B. Paxton is an anthropology graduate student in Dr. Adrienne Pine’s Craft of Anthropology I course (ANTH-601). This blog post was written in fulfillment of a course assignment.
In 1966 President Lyndon B. Johnson, addressed Congress and called for the establishment of a “reverse peace corps”, in which volunteers would come from other countries to teach and assist in development projects in the United States as part of the War on Poverty. Congress agreed to fund a pilot program from the Peace Corps budget, with additional costs covered by organizations and school boards in areas where volunteers were placed. In the summer of 1967 the first group of volunteers arrived. The program was named Volunteers to America (VTA), and Neil Boyer was designated program director. Despite the program’s low operating cost and the fact that a majority of sites at which volunteers were placed wished continue the program, Congress not only declined to fund it, but also passed a ban on similar programs being funded out of the Peace Corps budget. The program closed in 1970. The rise and fall of the VTA program provides an interesting case study in the framing of national service in the United States.
The Neil Boyer collection in American University’s Archive documents the short but rich history of the program. Boyer donated the collection to the university in 2018. It contains official documents, memos, records from State Department and Congressional Hearings; training and promotional materials; two theses; and letters between Neil Boyer and program volunteers.
In my two years as an Americorps member, I never heard about the VTA. Perhaps, given its short run and abrupt cancellation this is not surprising. However, as I looked through the collection, I was struck by how similar many of the program’s issues and participants’ experiences—60 years later—were to my own. The daily log (a record of day-to-day overall program activity) records volunteers with unrealistic expectations and concerns about site or project supervisors. Letters between Boyer and volunteers reflect the reality of national service, with passionate people who want to effect change trying to manage big workloads with little pay, while also struggling to reconcile the idealistic stories they had heard about America with the poverty and discrimination they found.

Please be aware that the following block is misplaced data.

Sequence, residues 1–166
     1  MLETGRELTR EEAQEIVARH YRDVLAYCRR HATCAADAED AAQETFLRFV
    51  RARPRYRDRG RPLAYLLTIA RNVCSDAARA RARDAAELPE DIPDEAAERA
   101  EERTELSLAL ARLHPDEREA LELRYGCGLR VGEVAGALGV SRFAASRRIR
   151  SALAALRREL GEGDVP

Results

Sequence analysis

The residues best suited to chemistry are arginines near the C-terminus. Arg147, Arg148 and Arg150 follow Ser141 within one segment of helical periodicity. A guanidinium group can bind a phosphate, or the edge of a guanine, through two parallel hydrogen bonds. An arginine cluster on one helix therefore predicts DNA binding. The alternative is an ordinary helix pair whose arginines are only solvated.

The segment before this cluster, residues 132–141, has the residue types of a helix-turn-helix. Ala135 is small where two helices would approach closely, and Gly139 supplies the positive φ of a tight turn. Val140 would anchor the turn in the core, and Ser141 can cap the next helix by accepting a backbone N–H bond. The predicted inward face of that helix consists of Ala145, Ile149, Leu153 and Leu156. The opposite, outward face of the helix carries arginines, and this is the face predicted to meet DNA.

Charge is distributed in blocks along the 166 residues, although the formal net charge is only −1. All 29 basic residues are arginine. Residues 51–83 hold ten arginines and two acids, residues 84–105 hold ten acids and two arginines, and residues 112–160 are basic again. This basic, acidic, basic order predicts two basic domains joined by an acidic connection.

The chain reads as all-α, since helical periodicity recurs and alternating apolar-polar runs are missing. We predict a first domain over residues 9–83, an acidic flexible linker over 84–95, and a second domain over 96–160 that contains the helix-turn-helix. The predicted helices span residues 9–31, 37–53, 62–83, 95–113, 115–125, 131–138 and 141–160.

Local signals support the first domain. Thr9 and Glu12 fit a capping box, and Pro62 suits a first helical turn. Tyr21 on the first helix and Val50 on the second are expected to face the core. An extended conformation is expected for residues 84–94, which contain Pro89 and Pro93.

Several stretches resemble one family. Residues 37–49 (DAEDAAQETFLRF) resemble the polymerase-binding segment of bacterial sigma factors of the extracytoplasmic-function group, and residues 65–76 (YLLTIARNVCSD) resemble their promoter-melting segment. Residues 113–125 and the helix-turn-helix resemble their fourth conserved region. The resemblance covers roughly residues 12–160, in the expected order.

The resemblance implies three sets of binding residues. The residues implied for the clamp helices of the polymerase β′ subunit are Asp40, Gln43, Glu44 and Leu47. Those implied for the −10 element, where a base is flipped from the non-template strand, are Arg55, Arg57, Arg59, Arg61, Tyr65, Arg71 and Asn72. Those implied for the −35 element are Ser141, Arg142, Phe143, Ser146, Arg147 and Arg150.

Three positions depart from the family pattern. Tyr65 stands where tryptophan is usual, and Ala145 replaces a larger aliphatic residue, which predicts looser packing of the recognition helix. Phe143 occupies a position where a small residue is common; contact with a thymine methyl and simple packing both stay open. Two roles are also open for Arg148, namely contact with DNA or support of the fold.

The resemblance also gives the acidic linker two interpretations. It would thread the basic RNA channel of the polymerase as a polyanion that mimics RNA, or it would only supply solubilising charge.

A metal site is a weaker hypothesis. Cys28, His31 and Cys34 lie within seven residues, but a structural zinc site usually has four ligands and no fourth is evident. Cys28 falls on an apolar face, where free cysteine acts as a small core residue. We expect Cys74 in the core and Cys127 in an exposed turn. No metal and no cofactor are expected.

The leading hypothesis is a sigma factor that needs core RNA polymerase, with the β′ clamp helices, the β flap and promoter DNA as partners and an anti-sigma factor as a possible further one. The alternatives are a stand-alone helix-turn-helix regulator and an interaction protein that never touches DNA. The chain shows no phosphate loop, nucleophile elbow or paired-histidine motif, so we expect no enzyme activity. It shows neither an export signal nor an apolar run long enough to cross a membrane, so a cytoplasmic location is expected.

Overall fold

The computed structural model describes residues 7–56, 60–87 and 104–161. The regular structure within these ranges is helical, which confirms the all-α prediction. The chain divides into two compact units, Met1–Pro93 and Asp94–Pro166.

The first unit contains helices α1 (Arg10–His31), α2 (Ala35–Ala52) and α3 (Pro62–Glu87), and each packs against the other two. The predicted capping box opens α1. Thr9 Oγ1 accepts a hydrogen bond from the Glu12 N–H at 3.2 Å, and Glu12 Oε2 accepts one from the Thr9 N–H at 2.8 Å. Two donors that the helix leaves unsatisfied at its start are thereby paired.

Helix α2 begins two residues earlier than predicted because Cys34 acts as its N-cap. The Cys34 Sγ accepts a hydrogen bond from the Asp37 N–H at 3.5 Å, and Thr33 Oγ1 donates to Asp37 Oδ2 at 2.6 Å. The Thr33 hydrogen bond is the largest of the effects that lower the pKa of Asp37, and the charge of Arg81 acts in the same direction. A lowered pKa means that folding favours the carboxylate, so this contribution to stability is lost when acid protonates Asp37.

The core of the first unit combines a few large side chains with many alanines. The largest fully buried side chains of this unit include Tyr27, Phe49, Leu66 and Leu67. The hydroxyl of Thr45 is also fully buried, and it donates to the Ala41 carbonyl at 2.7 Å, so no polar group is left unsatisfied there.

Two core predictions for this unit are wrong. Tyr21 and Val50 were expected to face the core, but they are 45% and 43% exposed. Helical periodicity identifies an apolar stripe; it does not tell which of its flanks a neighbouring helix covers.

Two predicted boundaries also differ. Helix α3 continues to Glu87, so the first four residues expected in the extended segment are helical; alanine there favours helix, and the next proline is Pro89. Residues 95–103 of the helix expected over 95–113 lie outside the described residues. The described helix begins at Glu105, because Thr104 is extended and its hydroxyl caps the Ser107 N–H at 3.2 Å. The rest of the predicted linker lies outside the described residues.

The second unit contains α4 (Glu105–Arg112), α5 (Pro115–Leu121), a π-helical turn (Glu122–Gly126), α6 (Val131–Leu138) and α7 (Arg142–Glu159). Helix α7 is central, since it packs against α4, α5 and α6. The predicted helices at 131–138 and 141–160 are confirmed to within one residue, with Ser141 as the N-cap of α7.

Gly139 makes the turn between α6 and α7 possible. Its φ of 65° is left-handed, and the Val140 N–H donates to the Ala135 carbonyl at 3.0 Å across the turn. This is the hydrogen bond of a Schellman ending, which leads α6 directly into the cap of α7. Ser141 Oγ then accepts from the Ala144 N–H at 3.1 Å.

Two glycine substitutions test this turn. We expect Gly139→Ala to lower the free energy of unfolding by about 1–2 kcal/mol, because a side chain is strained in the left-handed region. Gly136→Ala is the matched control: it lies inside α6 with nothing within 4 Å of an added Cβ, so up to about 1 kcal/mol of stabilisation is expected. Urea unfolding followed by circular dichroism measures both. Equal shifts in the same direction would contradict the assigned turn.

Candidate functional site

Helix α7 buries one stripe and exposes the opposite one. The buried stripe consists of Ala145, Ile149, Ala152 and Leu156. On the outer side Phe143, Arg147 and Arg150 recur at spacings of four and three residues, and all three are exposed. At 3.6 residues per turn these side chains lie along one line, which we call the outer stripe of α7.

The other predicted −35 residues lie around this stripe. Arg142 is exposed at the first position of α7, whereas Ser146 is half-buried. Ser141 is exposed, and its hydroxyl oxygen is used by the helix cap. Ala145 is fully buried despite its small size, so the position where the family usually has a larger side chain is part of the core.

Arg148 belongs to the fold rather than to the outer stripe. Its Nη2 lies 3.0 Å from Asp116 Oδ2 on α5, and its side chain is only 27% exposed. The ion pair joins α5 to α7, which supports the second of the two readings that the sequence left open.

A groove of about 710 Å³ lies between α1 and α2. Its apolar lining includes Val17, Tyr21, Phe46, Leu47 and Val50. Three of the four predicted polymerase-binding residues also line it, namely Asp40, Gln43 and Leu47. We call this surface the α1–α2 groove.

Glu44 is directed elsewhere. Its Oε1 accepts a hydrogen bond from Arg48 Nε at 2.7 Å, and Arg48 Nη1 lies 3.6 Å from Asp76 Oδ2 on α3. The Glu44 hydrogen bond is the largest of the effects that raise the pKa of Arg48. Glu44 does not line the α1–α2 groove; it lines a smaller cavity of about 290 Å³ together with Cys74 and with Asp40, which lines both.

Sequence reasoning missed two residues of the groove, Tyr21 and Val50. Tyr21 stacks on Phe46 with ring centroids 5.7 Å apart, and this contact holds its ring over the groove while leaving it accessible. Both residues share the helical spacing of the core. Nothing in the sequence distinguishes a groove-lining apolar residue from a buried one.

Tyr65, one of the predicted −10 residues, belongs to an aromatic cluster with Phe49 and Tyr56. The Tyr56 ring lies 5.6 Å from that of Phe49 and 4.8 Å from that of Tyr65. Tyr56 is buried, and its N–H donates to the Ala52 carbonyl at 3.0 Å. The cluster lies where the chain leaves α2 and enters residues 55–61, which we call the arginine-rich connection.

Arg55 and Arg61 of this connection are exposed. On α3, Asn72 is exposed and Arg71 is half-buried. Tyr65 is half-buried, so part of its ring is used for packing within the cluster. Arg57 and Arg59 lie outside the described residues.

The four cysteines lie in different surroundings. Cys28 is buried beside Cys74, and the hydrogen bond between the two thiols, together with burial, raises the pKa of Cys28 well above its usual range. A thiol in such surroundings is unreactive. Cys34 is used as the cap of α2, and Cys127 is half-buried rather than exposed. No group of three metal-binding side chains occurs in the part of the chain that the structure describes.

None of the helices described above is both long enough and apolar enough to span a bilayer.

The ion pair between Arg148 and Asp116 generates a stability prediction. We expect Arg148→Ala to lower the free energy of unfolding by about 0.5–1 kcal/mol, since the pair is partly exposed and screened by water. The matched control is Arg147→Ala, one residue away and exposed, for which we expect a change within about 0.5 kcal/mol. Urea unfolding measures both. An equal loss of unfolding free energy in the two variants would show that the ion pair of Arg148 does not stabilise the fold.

In the collection, there are inspiring stories of success, such as a volunteer placed in New York City working to develop and expand block organizations and help communities to communicate their needs to the city. However, there is also frustration and sacrifice. An Israeli volunteer expressed in a report the growth and insights that she gained from her position, but also her intense loneliness and concerns about the longevity of the programs she had started, because of community divisions. One volunteer joked in a letter about going to bed filled with excitement of over new ideas for teaching, but then the joy of going back to asleep the next morning since it was a snow day and she was exhausted. Several volunteers in teaching positions expressed how they been able to connect with students and teach them about their culture, but also concerns that the schools or districts they were placed with did not see them as fully qualified despite certification and previous experience in their home countries.
Finances were another matter of frequent concern. A volunteer’s living stipend was $200 to $300 per month paid by their placement organization or school district, which was challenge for many volunteers. One volunteer had to ask for donations when she moved into better living situation, because she could not purchase basic household items like pots and pans. They also experienced discrimination and inequality directed both toward the communities and students they worked with and towards themselves. An Argentinian volunteer was accused of being a “card-carrying communist” by a volunteer from another program and African volunteer was racially profiled by police.
These dualities of passion/pressure and ideals/reality are at the heart of national service. Peace Corps and later Americorps were founded on ideals of people helping people at a community and individual level. The words of David Busch, whose correspondence with Boyer and graduate thesis are included in the collection, describe those contradictions:
The VTA was the most daring effort to fully realize the Peace Corps’ cosmopolitan
alternative to standard development policy…[It] imagined the “community” in
community development not as a set boundary of local particularities, but as a
nexus of relations that transcended national borders. The goal of the VTA was to forge a transnational dialogue across local politics and traditions, combat notions of superiority
embedded in American post-war development thinking, and encourage cross-cultural
exchange in American communities. (Busch, 2018 pg. 671)
Though the VTA was a short-lived program, the VTA collection encapsulates the experiences, ideals, and reality of national service in the United Sates.